June 7, 2015 – June 9, 2015
After leaving the rugged landscape of Zhangjiajie we headed to the ancient city of Fenghuang, built along the Tuo Jiang river. Fenghuang’s classic architecture has been crowding the river bank for centuries, and makes for a great place to see these well preserved buildings.
The ‘old town’ of Fenghuang covers both shores of a large section of the winding river, and is the best preserved and most visited section of the sprawling town. There is an entry fee to get into the ‘old town’, once inside you will find dozens of touristy shops, restaurants, cafes as well as hotels and guest houses catering to the large daily influx of visitors.
We stayed at the More Inn Wenxing, one of just a few places we identified which welcome foreign tourists. Fenghuang was the only city in China where we encountered hotels who did not want to deal with foreigners, most likely because they were just small guesthouses and they probably did not speak any English. But we found several options on Trip Advisor. The More Inn worked great for us and was actually cheaper than we expected. There is also a great wonton soup vender just down the street on the corner of Phoenix Square.
The city is filled with loads of historic sites, all included in the city’s entry fee. Guard towers along the river, well preserved residences of the city’s historic elite, and the two story covered bridge to name a few, it even includes a free boat trip along the river.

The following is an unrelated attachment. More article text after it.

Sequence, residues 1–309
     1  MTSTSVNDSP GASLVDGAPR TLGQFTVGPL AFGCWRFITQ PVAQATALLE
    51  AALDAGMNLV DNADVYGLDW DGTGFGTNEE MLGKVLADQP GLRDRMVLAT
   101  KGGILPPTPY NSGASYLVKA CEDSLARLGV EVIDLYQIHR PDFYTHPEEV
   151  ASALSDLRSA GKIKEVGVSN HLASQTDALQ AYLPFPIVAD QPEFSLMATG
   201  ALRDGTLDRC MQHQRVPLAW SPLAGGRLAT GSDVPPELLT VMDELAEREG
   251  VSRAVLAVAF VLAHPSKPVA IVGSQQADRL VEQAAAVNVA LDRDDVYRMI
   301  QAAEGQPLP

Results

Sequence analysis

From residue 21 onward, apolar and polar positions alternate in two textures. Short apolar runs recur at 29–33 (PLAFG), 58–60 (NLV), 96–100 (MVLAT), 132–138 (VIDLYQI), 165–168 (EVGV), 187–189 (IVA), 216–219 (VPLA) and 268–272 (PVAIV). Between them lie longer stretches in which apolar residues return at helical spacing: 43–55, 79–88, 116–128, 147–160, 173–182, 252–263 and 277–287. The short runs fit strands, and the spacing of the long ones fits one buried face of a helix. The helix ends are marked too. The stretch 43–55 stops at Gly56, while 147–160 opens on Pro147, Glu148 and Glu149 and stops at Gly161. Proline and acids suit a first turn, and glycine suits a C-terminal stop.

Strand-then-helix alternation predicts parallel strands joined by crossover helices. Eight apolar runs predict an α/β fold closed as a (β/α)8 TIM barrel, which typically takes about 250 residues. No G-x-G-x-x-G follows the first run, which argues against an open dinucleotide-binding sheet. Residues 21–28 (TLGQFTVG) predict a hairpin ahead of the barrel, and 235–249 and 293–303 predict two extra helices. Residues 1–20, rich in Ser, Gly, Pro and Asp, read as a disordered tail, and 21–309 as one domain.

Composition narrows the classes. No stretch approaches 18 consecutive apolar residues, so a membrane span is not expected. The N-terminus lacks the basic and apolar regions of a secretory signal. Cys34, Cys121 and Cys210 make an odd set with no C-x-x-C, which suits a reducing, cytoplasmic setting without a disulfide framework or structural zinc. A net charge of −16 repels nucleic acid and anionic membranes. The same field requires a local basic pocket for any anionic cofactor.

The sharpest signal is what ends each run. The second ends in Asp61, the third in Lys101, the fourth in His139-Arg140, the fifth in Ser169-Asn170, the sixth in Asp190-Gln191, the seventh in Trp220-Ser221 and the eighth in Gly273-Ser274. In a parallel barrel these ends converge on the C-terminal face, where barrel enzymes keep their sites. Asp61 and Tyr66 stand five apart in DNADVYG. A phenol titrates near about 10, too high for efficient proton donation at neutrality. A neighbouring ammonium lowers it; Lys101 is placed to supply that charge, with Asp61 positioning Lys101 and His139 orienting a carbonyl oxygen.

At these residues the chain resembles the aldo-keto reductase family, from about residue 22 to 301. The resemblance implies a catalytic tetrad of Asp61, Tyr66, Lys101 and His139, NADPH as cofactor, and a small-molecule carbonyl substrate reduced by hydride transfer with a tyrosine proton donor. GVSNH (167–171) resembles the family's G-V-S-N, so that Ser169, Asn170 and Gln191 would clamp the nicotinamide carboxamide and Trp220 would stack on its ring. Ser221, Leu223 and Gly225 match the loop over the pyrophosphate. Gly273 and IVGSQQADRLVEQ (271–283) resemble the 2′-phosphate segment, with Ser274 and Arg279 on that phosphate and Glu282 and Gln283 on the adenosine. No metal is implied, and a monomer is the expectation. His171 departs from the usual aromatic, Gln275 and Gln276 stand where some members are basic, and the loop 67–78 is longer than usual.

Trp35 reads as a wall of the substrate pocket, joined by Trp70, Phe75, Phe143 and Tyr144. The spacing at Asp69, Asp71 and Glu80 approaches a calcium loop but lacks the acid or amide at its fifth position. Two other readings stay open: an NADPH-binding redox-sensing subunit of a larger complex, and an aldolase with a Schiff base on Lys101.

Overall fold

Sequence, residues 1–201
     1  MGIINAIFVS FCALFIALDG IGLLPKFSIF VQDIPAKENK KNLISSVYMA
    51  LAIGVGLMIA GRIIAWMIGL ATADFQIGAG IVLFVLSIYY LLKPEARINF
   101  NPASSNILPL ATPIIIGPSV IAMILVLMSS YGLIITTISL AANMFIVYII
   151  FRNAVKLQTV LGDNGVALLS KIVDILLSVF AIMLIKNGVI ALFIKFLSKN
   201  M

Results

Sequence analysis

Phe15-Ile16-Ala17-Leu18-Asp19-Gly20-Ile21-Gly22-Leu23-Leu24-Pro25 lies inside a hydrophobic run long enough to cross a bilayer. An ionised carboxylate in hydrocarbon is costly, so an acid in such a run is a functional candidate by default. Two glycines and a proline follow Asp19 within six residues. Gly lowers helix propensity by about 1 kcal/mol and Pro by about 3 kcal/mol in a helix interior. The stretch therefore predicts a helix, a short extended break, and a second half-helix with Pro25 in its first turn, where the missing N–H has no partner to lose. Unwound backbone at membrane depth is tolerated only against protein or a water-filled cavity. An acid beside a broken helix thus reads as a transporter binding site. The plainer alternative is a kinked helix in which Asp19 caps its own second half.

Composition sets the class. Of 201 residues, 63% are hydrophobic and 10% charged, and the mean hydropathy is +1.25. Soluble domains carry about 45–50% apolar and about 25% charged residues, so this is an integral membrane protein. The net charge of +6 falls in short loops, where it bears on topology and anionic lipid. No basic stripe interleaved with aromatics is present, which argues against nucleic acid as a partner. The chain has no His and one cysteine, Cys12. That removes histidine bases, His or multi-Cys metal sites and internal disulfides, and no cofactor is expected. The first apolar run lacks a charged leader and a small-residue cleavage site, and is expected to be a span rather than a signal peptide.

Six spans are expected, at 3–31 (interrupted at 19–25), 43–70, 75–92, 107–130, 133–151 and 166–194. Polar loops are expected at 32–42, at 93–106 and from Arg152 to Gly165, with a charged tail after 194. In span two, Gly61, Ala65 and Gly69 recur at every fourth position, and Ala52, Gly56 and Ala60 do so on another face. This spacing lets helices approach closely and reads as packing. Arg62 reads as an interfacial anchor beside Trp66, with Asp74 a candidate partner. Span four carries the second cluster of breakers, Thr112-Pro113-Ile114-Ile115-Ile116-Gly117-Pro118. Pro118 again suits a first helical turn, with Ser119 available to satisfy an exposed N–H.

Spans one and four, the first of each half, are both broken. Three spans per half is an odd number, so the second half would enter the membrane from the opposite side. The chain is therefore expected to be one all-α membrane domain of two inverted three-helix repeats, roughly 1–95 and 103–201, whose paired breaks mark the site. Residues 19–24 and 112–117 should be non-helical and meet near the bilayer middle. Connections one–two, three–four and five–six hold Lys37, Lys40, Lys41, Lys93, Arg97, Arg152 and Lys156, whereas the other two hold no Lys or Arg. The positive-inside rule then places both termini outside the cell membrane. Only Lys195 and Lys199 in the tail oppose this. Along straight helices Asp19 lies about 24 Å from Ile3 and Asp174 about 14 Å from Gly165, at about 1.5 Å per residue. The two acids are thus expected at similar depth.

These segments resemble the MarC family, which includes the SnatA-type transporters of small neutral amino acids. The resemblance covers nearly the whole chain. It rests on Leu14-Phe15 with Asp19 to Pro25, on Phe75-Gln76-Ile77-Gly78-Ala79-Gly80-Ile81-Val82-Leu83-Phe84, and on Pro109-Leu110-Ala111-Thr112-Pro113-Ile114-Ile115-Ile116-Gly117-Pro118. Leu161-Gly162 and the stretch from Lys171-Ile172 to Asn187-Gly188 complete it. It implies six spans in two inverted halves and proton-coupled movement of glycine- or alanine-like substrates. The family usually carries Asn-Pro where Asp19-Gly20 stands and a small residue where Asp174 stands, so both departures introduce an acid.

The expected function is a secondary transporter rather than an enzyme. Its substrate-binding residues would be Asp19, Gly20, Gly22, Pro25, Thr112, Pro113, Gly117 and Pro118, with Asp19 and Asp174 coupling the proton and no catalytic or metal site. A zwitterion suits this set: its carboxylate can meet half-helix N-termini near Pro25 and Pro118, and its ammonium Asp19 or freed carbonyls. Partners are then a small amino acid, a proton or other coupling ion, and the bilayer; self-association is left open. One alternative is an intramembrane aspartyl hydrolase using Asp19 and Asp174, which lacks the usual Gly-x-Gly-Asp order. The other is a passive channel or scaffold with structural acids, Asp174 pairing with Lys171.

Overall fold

Be sure to check out the large park built into the forested hill which rises above the town, just behind the two story covered bridge. An extensive network of trails and viewpoints extends all the way to the top of the hill and can take easily an hour or more to explore.
There are dozens of great restaurants throughout the city, we stopped in a few to try some local dishes.
We discovered that the town is well known for more than just its classic scenery and architecture, the city also has a notorious nightlife. At night the whole city lights up with bright lights and dozens of bars and dance clubs come alive along with their sub woofers and bump the night away. If you want to sleep at night, we recommend a hotel away from the river, which appears to be the center of the party scene (our hotel was well away from the river).
Fenghuang was a great place to get a taste of what traditional Chinese life may have looked like. I say ‘looked like’ as the town is clearly a bit of a tourist trap, but the architecture and feel of the streets and the wall city are at least traditional, and one of the best preserved examples around. We enjoyed relaxing and just wandering around the city’s warren of streets, alleys and bridges. From here we set off to some of China’s famous rice terraces.